Can Ethiopia hold elections in the middle of a civil war?
In 2019, Ethiopia's fresh Prime Minister Abiy Ahmed accepted a Nobel Peace Prize for his role in brokering a peace treaty with neighbor and longtime foe Eritrea. At the time, Abiy was hailed by the Western media as a reformist who was steering Ethiopia, long dominated by ethnic strife and dictatorial rule, into a new democratic era.
It's against this backdrop that Ethiopians will head to the polls on June 21 for a parliamentary election now regarded as a referendum on Abiy's leadership. But will the vote be free and fair, and will the outcome actually reflect the will of the people? Most analysts say the answer is a resounding "no" on both fronts.
How did we get here? Ethiopia is deeply fragmented, made up of more than 90 ethnic groups, many of whom have traditionally felt excluded from political power.
Despite accounting for just 7 percent of Ethiopia's population, the Tigray ethnic group dominated Ethiopian politics for decades, after a coalition led by the nationalist Tigray People's Liberation Front helped end the brutal reign of Soviet-backed dictator Haile Mengistu in 1991.
Then came Abiy, an ethnic Oromo who when tapped to take power in 2018, pledged to reform a political system that left many Ethiopians feeling marginalized. Abiy promptly released political prisoners from jail, called for exiled Ethiopians to return home, and prioritized press freedom. But in ushering in these reforms, and others, the new PM unhatched the lid on deep-rooted ethnic tensions simmering beneath the surface. Soon after, inter-ethnic resentments boiled over.
Last November, in response to an alleged TPLF attack on an Ethiopian military base, Abiy launched a military offensive in Tigray. The aggressive move was broadly interpreted as comeuppance for Tigray holding regional elections, defying an order from Addis Ababa calling for polls to be stalled amid the pandemic. Abiy, for his part, said it was a response to "treasonous" provocations from the TPLF.
Worsening humanitarian crisis. The military offensive has since escalated into a full blown humanitarian crisis. Many analysts say that Abiy has overseen a campaign of "ethnic cleansing," where Ethiopian troops — backed by Eritrean forces — have brutalized Tigrayan communities; reports of massacres, rapes, and pillaging are well-substantiated. The UN says that at least 350,000 Tigrayans are experiencing famine-like conditions because Ethiopian troops have burned crops, killed livestock, and blocked humanitarian aid. Meanwhile, tens of thousands have been forced to flee to neighboring Sudan, and more than 2.2 million have been displaced.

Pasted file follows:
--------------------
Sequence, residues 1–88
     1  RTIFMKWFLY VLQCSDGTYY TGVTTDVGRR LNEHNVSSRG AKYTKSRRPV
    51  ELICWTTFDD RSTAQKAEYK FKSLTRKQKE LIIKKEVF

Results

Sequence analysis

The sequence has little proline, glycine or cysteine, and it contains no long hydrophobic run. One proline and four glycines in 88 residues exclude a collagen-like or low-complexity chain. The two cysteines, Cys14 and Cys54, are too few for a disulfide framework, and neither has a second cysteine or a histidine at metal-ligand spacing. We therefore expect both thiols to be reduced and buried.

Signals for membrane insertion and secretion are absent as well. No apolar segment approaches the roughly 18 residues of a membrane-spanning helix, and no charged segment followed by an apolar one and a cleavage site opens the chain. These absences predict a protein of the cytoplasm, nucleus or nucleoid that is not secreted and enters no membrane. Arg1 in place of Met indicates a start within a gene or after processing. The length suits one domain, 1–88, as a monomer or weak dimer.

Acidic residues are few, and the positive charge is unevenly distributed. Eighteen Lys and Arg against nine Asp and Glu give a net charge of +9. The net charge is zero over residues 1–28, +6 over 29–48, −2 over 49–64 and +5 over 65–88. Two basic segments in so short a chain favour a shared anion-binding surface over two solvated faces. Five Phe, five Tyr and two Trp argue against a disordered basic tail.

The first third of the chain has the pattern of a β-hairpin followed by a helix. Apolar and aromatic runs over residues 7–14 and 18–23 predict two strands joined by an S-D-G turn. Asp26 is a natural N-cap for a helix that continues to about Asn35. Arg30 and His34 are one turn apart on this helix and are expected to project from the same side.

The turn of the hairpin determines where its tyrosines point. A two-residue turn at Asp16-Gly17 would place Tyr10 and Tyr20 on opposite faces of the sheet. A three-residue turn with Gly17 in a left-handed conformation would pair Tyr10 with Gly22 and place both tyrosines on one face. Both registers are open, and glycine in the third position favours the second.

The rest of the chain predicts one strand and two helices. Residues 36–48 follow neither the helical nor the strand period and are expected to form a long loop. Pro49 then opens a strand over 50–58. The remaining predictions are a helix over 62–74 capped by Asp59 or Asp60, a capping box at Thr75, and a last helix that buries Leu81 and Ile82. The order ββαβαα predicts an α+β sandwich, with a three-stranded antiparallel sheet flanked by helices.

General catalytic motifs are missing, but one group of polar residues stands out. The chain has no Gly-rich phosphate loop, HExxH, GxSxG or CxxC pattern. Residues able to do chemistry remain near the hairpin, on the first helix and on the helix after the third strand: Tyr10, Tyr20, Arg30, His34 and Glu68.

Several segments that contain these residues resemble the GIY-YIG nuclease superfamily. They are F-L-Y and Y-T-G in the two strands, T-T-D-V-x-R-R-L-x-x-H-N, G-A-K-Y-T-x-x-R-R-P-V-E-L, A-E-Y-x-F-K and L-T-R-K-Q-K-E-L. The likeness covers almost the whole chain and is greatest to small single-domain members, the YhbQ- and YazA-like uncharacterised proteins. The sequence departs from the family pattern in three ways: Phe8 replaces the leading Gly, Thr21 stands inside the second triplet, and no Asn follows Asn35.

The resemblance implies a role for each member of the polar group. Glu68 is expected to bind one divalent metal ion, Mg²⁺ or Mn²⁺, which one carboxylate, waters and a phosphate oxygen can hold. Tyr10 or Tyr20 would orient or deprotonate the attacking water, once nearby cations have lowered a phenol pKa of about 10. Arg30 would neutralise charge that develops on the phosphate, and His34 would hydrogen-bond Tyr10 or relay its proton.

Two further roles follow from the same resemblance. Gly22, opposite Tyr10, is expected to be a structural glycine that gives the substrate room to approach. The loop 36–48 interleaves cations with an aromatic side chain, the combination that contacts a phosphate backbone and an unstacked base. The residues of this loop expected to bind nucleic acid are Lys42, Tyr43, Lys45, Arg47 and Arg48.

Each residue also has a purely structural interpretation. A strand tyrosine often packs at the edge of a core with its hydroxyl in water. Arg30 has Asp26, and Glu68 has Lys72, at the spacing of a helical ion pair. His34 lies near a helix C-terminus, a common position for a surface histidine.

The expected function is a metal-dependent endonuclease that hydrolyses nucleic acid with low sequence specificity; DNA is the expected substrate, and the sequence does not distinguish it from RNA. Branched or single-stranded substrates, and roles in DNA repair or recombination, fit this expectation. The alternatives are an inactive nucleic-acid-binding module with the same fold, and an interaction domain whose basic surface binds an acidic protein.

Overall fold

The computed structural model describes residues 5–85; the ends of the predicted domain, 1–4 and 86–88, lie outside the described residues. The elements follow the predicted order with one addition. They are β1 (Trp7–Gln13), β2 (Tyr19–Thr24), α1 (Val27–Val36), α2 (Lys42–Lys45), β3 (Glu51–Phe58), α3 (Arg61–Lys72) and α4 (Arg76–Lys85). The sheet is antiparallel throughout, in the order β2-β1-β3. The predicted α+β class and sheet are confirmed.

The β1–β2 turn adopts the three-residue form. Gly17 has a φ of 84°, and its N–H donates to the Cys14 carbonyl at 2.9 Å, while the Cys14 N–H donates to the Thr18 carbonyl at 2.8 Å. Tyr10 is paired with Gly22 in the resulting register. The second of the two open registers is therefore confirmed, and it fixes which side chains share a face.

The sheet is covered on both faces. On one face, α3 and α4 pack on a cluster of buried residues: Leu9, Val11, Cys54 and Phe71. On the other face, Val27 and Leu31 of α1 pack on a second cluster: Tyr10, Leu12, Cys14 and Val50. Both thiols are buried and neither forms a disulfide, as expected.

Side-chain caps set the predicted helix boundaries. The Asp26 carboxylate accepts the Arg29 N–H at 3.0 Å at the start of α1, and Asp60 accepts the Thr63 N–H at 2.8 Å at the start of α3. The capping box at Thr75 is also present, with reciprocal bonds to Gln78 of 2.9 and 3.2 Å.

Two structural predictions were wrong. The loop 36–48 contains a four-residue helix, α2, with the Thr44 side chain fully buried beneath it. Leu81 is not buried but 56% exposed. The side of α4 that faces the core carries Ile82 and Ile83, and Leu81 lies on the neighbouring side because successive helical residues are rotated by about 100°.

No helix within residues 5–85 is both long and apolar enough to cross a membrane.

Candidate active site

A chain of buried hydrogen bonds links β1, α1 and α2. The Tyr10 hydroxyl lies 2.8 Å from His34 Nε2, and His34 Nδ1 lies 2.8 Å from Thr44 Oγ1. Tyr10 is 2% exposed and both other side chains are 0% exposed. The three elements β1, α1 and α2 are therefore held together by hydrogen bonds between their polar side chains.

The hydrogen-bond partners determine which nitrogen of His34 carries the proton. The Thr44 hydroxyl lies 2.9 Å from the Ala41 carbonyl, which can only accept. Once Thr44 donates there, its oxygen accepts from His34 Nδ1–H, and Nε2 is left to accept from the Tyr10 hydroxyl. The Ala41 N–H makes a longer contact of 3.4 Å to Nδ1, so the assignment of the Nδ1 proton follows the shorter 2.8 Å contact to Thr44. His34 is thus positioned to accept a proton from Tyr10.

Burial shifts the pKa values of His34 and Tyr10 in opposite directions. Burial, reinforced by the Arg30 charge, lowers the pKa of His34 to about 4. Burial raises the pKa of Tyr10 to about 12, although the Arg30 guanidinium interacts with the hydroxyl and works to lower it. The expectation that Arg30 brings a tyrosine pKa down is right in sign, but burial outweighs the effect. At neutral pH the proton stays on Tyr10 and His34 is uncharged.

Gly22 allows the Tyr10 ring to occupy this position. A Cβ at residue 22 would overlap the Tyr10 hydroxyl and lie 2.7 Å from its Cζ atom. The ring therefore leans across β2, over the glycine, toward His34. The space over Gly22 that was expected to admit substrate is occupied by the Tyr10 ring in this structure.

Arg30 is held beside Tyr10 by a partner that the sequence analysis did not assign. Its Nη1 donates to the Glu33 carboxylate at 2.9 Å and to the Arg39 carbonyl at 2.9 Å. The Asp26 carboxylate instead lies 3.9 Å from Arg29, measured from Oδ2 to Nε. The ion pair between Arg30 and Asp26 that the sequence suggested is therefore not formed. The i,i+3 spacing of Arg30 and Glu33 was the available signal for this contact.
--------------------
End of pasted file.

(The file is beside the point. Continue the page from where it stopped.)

What does all this mean for the upcoming vote? Abiy was tapped to lead the ruling coalition following the surprise resignation of his predecessor in 2018, so he has long sought a popular vote to earn real legitimacy. Domestically, this validation is particularly important given that Abiy is the first Oromo, Ethiopia's largest ethnic group, to ever serve as prime minister.
But now, many regions will not be participating in next week's vote, citing administrative and security issues. Meanwhile, several political parties, like the Oromo Federalist Congress, are boycotting the election due to a government crackdown on opposition parties in recent months. In total, at least 78 constituencies of the 547 represented in Ethiopia's parliament will not vote on June 21. So even if Abiy wins, it won't be the indisputable victory he wanted.
Unraveling. Despite all its shortcomings, Ethiopia has been deemed a beacon of stability in the chronically volatile Horn of Africa in recent decades, transforming its agricultural and economic sectors to become the third-fastest growing country in the world from 2000-2016.
But as violence persists, there seems to be no end in sight. The TPLF, resentful that it no longer calls the shots in Addis Ababa, has very little to lose, and Abiy has made it clear that he's not backing down either. This threatens not only the stability of Ethiopia, but of the entire region.